Kaiser

Every month, a reader asks one of our sponsor legal experts about a work-related issue. These building trades law professionals respond in an Organized Labor exclusive. This month's expert is Hillary Allyn of the Arns Law Firm. Ask Hillary a question at This email address is being protected from spambots. You need JavaScript enabled to view it.

Visit The Arns Law Firm website.

I was seriously injured on the jobsite and my doctor said I cannot work now. I am receiving checks from the Workers' Compensation insurance carrier. Someone told me I cannot receive State Disability (EDD) benefits at the same time. Is this correct? Are there other benefits to which I might be entitled?

Yes, there are other benefits to which you may be entitled!  If a 3rd party causes your injury, you may be entitled to millions of dollars in addition to Workers' Compensation benefits: 

  1. The employer is the 1st party;
  2. the employee is the 2nd party;
  3. the other company causing the injury is the 3rd party

The recovery is substantially greater in a 3rd party case than in a Workers' Compensation case. 

You cannot receive Workers' Compensation Temporary Disability benefits at the same time as State Disability benefits, and doing so is illegal with some narrow exceptions.  However once you begin receiving Workers' Compensation Permanent Disability Advances instead of TD, you can also apply for EDD, subject to an offset.  You should consult an attorney regarding whether your situation may fall within the limited exceptions.

You may also be eligible for Social Security Disability Insurance (SSDI).  SSDI is subject to an offset by other benefits and income you may be receiving.  The application process is often lengthy, so the sooner you consult an attorney about your specific situation, the better.  Once a Workers' Compensation case comes to a close, there usually is not sufficient compensation to sustain you going forward.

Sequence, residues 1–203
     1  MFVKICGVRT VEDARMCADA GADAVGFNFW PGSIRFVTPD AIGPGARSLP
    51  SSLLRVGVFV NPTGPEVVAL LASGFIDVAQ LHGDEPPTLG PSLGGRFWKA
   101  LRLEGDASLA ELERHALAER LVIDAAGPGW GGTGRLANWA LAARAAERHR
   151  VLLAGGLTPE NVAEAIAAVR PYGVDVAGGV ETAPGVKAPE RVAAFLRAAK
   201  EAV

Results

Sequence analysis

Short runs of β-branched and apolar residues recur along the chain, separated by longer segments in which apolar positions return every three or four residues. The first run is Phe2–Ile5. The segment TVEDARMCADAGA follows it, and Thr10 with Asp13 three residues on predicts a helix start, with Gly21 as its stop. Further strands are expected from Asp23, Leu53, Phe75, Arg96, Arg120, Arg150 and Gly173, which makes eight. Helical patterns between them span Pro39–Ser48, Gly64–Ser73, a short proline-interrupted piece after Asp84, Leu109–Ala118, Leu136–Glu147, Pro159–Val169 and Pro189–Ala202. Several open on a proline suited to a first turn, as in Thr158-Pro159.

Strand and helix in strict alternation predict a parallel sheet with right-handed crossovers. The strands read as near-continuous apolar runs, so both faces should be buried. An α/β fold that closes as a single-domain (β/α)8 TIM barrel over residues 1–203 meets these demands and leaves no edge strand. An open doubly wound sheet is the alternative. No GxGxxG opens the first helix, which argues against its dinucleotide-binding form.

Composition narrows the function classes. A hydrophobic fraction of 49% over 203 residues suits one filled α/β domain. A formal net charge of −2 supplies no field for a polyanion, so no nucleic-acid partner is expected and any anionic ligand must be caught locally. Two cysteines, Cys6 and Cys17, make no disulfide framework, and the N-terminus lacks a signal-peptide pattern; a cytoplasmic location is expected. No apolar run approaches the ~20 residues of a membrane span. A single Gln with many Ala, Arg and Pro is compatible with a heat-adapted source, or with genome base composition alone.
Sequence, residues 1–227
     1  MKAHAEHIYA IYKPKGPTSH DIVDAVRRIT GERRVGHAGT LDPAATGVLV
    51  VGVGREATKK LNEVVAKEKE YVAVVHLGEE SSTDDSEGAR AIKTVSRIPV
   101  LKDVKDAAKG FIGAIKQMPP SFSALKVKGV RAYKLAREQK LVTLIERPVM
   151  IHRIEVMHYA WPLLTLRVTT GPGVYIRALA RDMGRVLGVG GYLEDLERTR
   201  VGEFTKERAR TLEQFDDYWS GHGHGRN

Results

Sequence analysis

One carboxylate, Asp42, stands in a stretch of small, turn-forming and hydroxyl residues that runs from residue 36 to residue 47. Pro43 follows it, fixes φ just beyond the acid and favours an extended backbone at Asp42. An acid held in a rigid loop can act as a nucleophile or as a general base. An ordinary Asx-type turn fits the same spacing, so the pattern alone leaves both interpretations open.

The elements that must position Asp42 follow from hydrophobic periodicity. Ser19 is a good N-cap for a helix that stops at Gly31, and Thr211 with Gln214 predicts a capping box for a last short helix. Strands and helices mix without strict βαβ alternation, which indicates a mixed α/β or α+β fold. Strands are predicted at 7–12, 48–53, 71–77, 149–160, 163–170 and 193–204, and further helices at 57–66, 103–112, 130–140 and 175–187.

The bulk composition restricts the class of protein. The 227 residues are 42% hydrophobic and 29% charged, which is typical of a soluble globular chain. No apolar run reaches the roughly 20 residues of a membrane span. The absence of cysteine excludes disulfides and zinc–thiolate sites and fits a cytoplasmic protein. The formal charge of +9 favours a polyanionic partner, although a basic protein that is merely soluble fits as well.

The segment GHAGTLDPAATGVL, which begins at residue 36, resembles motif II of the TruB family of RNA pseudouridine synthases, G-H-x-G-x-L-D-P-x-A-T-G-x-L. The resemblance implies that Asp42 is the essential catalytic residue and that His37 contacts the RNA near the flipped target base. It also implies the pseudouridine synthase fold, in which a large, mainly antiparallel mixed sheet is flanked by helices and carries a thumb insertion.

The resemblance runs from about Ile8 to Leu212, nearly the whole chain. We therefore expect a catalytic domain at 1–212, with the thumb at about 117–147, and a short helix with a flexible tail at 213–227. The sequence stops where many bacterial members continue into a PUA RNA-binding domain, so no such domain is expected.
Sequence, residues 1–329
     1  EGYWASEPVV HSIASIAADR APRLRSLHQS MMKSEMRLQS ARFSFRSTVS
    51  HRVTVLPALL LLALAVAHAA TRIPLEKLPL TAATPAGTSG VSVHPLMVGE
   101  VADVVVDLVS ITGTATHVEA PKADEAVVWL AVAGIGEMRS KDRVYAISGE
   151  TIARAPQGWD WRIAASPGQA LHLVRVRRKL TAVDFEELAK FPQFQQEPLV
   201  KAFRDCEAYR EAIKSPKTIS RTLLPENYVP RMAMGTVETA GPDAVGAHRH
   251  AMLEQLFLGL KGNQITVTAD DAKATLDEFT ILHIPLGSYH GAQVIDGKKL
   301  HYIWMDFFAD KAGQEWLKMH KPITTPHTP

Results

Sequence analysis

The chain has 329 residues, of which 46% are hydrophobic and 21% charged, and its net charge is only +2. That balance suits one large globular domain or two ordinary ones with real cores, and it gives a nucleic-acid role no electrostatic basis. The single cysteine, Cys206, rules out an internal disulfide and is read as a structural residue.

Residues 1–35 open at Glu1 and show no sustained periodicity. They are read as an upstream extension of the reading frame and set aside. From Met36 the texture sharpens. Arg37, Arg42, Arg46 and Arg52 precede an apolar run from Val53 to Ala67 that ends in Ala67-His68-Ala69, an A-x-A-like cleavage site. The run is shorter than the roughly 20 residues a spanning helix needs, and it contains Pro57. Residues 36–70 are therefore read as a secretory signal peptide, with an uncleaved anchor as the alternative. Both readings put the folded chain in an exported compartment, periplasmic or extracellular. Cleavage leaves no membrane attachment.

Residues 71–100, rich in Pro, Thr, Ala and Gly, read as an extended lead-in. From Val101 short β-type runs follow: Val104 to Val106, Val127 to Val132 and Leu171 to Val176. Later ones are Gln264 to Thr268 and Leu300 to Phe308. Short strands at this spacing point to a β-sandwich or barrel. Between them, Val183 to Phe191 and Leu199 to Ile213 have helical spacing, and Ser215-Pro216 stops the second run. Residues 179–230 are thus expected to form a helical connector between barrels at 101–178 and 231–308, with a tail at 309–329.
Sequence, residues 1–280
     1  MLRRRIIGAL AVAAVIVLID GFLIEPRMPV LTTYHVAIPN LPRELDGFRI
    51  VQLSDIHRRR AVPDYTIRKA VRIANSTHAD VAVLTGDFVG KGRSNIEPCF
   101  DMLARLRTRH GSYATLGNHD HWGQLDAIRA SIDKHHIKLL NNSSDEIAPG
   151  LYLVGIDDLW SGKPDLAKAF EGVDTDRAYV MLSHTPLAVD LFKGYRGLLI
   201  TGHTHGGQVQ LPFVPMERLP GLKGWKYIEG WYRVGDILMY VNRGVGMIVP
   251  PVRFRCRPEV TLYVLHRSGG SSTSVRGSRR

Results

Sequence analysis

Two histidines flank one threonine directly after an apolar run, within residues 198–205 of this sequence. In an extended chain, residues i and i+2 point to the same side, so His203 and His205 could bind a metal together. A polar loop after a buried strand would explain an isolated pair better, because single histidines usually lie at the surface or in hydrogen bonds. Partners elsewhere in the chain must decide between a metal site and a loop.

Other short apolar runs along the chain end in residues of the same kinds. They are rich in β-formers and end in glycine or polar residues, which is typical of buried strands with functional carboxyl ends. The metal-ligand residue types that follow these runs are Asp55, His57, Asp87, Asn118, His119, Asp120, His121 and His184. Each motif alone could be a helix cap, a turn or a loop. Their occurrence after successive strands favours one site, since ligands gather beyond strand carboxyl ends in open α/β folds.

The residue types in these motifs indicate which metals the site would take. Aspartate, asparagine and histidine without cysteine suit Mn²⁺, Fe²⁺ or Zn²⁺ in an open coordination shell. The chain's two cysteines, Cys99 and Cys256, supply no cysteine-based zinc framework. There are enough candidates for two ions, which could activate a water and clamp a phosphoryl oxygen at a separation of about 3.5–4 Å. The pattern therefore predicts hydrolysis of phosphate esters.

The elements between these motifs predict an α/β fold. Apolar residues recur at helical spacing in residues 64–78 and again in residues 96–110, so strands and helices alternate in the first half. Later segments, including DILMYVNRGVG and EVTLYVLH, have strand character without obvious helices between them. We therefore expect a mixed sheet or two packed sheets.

Furthermore, EDD normally only pays approximately one year's worth of funds until your account has been exhausted (as long as a doctor continues to certify that you are disabled).  There are complex issues to be addressed in a Workers' Compensation settlement if you are a SSDI and/or Medicare recipient at the time of settlement, or even if you have only just applied, so you usually will need an attorney.

If you are a union member, you should also inquire with the union Trust Fund regarding benefits there that may be available to you.

Contact an attorney with experience in Workers' Compensation and 3rd party cases immediately.

.

-Hillary Allyn, The Arns Law Firm, San Francisco, CA
Ask Hillary a question at This email address is being protected from spambots. You need JavaScript enabled to view it.

For more information on work-site accidents and
your legal options, visit the ARNS Website.

"Interaction via "Ask the Expert" does not establish an attorney-client relationship. Any advice given is neither legal advice nor does it serve as a replacement for hiring an attorney. In addition, any case results mentioned or discussed are not guarantees of similar results."


Hillary Allyn

This Month's Expert; Hillary Allyn

Hillary Allyn has a strong background in Workers' Compensation. She litigates cases involving construction injury, workers' compensation, personal injury, employment discrimination, and serious and willful employer misconduct.

Hillary was an extern to the Honorable Judge Teri Jackson at the San Francisco Superior Court. Her experience and her fluency in Spanish allow her to successfully represent our Spanish-speaking client base.

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